active part in the ceremonies. The spirits of On and Khonû[21] kneel before
the sun, and proclaim his praise. Hor, Set, or Thoth conducts Pharaoh into
the presence of his father Amen Ra, or performs the functions elsewhere
assigned to the prince or the priest. They help him to overthrow the victim
or to snare birds for the sacrifice; and in order to wash away his
impurities, they pour upon his head the waters of youth and life. The
position and functions of these co-operating gods were strictly defined in
the theology. The sun, travelling from east to west, divided the universe
into two worlds, the world of the north and the world of the south. The
temple, like the universe, was double, and an imaginary line passing
through the axis of the sanctuary divided it into two temples - the temple
of the south on the right hand, and the temple of the north on the left.
The gods and their various manifestations were divided between these two
temples, according as they belonged to the northern or southern hemisphere.
This fiction of duality was carried yet further. Each chamber was divided,
in imitation of the temple, into two halves, the right half belonging to
the south, and the left half to the north. The royal homage, to be
complete, must be rendered in the temples of the south and of the north,
and to the gods of the south and of the north, and with the products of the
south and of the north. Each sculptured tableau must, therefore, be
repeated at least twice in each temple - on a right wall and on a left wall.
Amen, on the right, receives the corn, the wine, the liquids of the south;
while on the left he receives the corn, the wine, and the liquids of the
north. As with Amen, so with Maut, Khonsû, Mentû, and many other gods. Want
of space frequently frustrated the due execution of this scheme, and we
often meet with a tableau in which the products of north and south together
are placed before an Amen who represents both Amen of the south and Amen of
the north. These departures from decorative usage are, however,
exceptional, and the dual symmetry is always observed where space permits.

[Illustration: Fig. 106. - Frieze of uraei and cartouches.]

In Pharaonic times, the tableaux were not over-crowded. The wall-surface
intended to be covered was marked off below by a line carried just above
the ground level decoration, and was bounded above by the usual cornice, or
by a frieze. This frieze might be composed of uraei, or of bunches of
lotus; or of royal cartouches (fig. 106) supported on either side by divine
symbols; or of emblems borrowed from the local cult (by heads of Hathor,
for instance, in a temple dedicated to Hathor); or of a horizontal line of
dedicatory inscription engraved in large and deeply-cut hieroglyphs. The
wall space thus framed in contained sometimes a single scene and sometimes
two scenes, one above the other. The wall must be very lofty, if this
number is exceeded. Figures and inscriptions were widely spaced, and the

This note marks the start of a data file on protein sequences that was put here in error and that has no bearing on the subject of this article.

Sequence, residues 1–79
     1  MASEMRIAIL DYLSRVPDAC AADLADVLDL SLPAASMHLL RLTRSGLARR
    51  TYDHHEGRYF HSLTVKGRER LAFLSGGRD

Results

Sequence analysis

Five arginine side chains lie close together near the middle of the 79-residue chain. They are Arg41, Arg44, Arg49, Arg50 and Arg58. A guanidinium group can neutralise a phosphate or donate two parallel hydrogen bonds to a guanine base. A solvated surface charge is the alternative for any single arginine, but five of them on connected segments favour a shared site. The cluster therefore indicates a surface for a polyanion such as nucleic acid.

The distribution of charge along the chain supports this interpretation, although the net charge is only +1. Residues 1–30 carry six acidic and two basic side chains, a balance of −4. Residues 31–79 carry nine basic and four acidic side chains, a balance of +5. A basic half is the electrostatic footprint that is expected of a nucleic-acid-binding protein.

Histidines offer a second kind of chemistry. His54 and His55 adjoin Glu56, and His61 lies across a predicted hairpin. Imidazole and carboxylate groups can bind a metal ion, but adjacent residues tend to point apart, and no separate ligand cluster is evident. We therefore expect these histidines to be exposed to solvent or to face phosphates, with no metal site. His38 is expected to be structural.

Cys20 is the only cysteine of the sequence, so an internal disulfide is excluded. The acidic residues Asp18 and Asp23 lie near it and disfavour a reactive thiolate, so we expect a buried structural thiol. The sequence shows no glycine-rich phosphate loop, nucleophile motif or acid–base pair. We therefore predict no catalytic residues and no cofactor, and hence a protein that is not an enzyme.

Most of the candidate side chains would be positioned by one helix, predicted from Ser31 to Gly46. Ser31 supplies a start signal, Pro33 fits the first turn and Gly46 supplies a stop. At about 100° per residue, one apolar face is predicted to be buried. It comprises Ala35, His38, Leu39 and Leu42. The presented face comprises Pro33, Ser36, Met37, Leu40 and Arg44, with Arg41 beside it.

scenes succeeded one another with scarcely a break. The spectator had to
discover for himself where they began or ended. The head of the king was
always studied from the life, and the faces of the gods reproduced the
royal portrait as closely as possible. As Pharaoh was the son of the gods,
the surest way to obtain portraits of the gods was to model their faces
after the face of the king. The secondary figures were no less carefully
wrought; but when these were very numerous, they were arranged on two or
three levels, the total height of which never exceeded that of the
principal personages. The offerings, the sceptres, the jewels, the
vestments, the head-dresses, and all the accessories were treated with a
genuine feeling for elegance and truth. The colours, moreover, were so
combined as to produce in each tableau the effect of one general and
prevailing tone; so that in many temples there were chambers which can be
justly distinguished as the Blue Hall, the Red Hall, or the Golden Hall. So
much for the classical period of decoration.

[Illustration: Fig. 107. - Wall of a chamber at Denderah, to show the
arrangement of the tableaux.]

As we come down to later times, these tableaux are multiplied, and under
the Greeks and Romans they become so numerous that the smallest wall
contained not less than four (fig. 107), five, six, or even eight
registers. The principal figures are, as it were, compressed, so as to
occupy less room, and all the intermediate space is crowded with thousands
of tiny hieroglyphs. The gods and kings are no longer portraits of the
reigning sovereign, but mere conventional types without vigour or life. As
for the secondary figures and accessories, the sculptor's only care is to
crowd in as many as possible. This was not due to a defect of taste, and to


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Online LibraryGaston Camille Charles MasperoManual of Egyptian Archaeology and Guide to the Study of Antiquities in Egypt → online text (page 6 of 21)